If this patient had presented 20 years ago, these metastases probably would not have been discovered and he would have proceeded on to definitive treatment. Presumably, they would have eventually blossomed and would have been detected clinically. There is a large gap in survival between patients who underwent resection of liver metastases in the pre-PET era compared to post-PET. One explanation is that PET may select for patients who truly have oligometastatic disease while patients who were thought to have metastases limited to the liver with older imaging modalities likely had more widely metastatic disease. So we may be picking up a different breed of stage IV patients now and may need a new paradigm for approaching these patients. An alternative explanation is that these are simply patients with a very indolent metastatic cancer and might do well whether we treat with chemotherapy or with local therapy.
We typically assume that metastases originate from the primary tumor but Dr. Okunieff suggests that perhaps metastases can generate more metastases and so just leaving oligometastatic disease alone when it appears stable may mean that we miss a window of opportunity for cure.
It should be noted that Dr. Okunieff’s work has focused on SBRT rather than convention radiation. While conventional radiation involves spreading the total dose of radiation out over many days, SBRT involves delivering high-doses of very focal radiation over a short period of time. When conventional radiotherapy is given as a palliative rather than a curative treatment, the total dose delivered is typically much lower. Several groups, including Dr. Okunieff’s, have demonstrated that these high doses of radiation may result in immune-stimulation against the cancer. In this way, SBRT to metastases may actually be a systemic therapy as well. Several researchers are looking at combining SBRT with drugs that stimulate the immune system to see if it is possible to strengthen this effect. Only certain tumors can be treated with SBRT – it doesn’t tend to work as well on larger tumors and can be dangerous if vital structures are nearby.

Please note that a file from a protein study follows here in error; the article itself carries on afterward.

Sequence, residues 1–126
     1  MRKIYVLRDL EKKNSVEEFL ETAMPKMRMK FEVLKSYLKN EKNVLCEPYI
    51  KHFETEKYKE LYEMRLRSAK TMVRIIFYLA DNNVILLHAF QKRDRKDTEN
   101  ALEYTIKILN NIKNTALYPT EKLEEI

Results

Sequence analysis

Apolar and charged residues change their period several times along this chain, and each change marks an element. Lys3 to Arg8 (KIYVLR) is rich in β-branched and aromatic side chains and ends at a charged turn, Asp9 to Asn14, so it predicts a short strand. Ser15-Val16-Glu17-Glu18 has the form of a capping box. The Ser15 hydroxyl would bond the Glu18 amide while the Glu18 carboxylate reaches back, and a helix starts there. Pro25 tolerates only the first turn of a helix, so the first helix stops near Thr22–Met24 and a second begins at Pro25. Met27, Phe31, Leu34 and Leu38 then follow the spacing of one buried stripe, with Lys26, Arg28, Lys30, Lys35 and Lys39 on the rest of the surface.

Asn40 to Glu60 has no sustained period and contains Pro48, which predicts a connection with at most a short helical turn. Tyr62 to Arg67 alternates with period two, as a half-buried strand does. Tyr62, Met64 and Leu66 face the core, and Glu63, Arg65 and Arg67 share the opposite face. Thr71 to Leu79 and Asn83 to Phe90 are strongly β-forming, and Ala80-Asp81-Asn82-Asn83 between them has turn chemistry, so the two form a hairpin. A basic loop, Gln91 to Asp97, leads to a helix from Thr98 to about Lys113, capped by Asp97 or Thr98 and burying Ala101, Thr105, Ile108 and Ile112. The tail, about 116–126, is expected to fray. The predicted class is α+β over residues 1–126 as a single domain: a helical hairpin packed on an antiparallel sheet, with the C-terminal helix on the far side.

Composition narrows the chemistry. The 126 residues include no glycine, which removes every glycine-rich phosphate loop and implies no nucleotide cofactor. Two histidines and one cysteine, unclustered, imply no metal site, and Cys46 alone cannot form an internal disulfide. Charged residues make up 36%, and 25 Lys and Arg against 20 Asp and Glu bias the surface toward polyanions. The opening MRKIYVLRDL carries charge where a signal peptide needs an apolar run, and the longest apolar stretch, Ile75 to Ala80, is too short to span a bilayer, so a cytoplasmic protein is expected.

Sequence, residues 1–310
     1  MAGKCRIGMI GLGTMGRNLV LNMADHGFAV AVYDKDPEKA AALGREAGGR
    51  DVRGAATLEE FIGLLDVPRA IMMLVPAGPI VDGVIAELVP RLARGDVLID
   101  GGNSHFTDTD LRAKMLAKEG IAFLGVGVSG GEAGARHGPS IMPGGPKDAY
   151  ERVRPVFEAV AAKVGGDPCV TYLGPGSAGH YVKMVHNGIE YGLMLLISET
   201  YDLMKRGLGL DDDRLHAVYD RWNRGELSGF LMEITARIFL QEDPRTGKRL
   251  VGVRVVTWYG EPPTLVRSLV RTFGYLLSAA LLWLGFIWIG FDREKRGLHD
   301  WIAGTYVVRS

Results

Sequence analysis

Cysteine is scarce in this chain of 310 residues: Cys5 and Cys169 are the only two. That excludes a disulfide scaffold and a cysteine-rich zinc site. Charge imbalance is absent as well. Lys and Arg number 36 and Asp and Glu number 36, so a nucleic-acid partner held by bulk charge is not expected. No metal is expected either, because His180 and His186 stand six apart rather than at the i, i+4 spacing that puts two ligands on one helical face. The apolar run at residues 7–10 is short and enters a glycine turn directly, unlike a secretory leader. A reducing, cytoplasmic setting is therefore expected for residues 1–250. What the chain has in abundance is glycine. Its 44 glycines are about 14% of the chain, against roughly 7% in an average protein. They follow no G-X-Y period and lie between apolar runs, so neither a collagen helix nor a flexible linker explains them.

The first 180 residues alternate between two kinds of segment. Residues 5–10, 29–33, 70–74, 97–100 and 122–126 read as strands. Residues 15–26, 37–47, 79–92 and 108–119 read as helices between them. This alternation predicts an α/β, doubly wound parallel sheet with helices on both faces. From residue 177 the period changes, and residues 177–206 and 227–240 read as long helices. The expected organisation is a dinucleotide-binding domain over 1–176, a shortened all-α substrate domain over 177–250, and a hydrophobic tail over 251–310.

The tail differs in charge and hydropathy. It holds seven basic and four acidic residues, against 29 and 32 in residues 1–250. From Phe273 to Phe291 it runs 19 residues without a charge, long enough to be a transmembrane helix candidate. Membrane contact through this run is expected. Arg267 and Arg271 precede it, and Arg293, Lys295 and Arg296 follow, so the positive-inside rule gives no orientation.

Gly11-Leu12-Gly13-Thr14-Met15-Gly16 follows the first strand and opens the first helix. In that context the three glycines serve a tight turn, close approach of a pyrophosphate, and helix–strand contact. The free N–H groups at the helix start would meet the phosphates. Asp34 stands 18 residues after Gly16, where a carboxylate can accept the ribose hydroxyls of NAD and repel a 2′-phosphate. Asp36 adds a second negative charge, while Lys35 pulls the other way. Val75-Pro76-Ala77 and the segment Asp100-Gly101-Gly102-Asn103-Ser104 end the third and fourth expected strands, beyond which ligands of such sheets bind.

Survival results from Dr. Okunieff’s work with patients treated with SBRT for lung metastases are shown below. While the majority of patients eventually progressed and died of metastatic disease, a subset of patients demonstrated long term survival. As the graph indicates, these patients were mainly those with primary breast or lung cancers. Although a 20% long-term survival rate in patients with metastatic lung cancer is not something to ignore, it is difficult to know if this is a subset of patients with more indolent disease who would have done just as well (or better) with just systemic therapy.
Okunieff et al. Acta Oncologica (2006)
Although this work is exciting, the studies of SBRT for metastatic disease have included only small numbers of patients – they show promise and are a launching point for larger studies but cannot be used yet to guide patient care. Dr. Weiss recently wrote an excellent post on how new treatments become standard of care and we are definitely not there yet on SBRT for metastatic disease. Furthermore, the majority of patients are not demonstrating prolonged control of their cancer with SBRT, even in this carefully selected population. Several researchers, including Dr. Okunieff, are trying to discover how to predict which patients would benefit most from treatment with SBRT.
Studies to validate this concept are planned through SWOG, and I am looking forward to seeing more.
29 Responses to Well, knock me over with a photon: Curative SBRT for metastatic disease?